There is an external workflow that executes C# scripts and is able to work with DLL files(my class library).
Is it possible to attach debug to my class library project so breakpoint will hit once this WF will call it?
Yes, you can do this with Visual Studio. You have two options:
Open your DLL project.
On the properties for the project, go to the Debug tab.
Choose Start external program and give the path of the external program that will call your DLL, along with any command-line arguments you may need to supply, and the working directory if that's relevant.
Save the project.
Set breakpoints in your code where you want them.
Press F5 to start debugging. (At this point, your breakpoints will say that they won't be hit because the symbols aren't loaded. Don't worry about that for now.)
Do whatever you do to make the external application load your library and run your code.
Visual Studio will detect the module load, load the symbols, and stop on the breakpoint.
If you can't start the process but instead have to attach to a process that's already running, you can do that too:
(Side note: If you're using the "Express" edition of Visual Studio, I don't think it has this feature, but I'm not certain about that. It's easy enough to tell: You'll either have the menu item mentioned on Step 4 below or not.)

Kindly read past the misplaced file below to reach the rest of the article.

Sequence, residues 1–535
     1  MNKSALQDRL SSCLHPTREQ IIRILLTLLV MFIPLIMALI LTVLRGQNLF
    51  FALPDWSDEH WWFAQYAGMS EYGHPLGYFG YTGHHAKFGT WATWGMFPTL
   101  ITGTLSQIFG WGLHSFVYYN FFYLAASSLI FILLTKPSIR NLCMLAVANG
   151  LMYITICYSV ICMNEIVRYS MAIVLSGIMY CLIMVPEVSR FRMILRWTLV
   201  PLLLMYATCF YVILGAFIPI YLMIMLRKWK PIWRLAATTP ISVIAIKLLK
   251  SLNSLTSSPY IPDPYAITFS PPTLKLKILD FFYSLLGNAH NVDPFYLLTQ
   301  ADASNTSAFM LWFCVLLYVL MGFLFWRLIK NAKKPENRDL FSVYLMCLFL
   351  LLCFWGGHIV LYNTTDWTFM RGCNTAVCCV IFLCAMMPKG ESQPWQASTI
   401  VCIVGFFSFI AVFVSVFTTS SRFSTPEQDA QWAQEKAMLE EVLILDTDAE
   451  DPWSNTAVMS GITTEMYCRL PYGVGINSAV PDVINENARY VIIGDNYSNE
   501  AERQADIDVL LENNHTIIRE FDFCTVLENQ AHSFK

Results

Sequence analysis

Make sure the process is running.
Open your DLL project.
Set your breakpoints, etc.
From the Debug menu, choose Attach to process...
In the resulting dialog box, find the process in the list, highlight it, and click Attach.
Visual Studio will go into debug mode. (At this point, your breakpoints will say that they won't be hit because the symbols aren't loaded. Don't worry about that for now.)
Do whatever you do to make the external process load and run your code.
Visual Studio will detect the module load in the external process, load your symbols, and stop on your breakpoint.
N.B. In both cases, if the external process loads your DLL from somewhere other than the
bin/Debug folder of your project, you must make sure you copy the DLL to that other location every time you build it (you can set that up to happen automatically in the project options). Otherwise, Visual Studio won't be able to detect that the DLL being loaded is the one you're trying to debug.